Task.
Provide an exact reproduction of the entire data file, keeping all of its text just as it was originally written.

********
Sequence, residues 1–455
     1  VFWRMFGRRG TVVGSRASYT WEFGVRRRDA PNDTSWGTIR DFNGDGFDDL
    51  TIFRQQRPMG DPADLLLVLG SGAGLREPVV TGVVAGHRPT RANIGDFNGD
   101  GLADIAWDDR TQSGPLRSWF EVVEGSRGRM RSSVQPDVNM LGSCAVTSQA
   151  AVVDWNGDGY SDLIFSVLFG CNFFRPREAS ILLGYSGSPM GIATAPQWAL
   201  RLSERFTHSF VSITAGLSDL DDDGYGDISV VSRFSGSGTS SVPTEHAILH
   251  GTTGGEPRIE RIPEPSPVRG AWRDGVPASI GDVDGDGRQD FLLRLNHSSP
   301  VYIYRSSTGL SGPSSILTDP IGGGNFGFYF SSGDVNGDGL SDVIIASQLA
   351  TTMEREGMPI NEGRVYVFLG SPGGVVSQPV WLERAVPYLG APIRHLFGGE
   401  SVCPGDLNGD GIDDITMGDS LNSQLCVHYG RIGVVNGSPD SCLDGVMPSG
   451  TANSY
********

Sequence, residues 1–455
     1  VFWRMFGRRG TVVGSRASYT WEFGVRRRDA PNDTSWGTIR DFNGDGFDDL
    51  TIFRQQRPMG DPADLLLVLG SGAGLREPVV TGVVAGHRPT RANIGDFNGD
   101  GLADIAWDDR TQSGPLRSWF EVVEGSRGRM RSSVQPDVNM LGSCAVTSQA
   151  AVVDWNGDGY SDLIFSVLFG CNFFRPREAS ILLGYSGSPM GIATAPQWAL
   201  RLSERFTHSF VSITAGLSDL DDDGYGDISV VSRFSGSGTS SVPTEHAILH
   251  GTTGGEPRIE RIPEPSPVRG AWRDGVPASI GDVDGDGRQD FLLRLNHSSP
   301  VYIYRSSTGL SGPSSILTDP IGGGNFGFYF SSGDVNGDGL SDVIIASQLA
   351  TTMEREGMPI NEGRVYVFLG SPGGVVSQPV WLERAVPYLG APIRHLFGGE
   401  SVCPGDLNGD GIDDITMGDS LNSQLCVHYG RIGVVNGSPD SCLDGVMPSG
   451  TANSY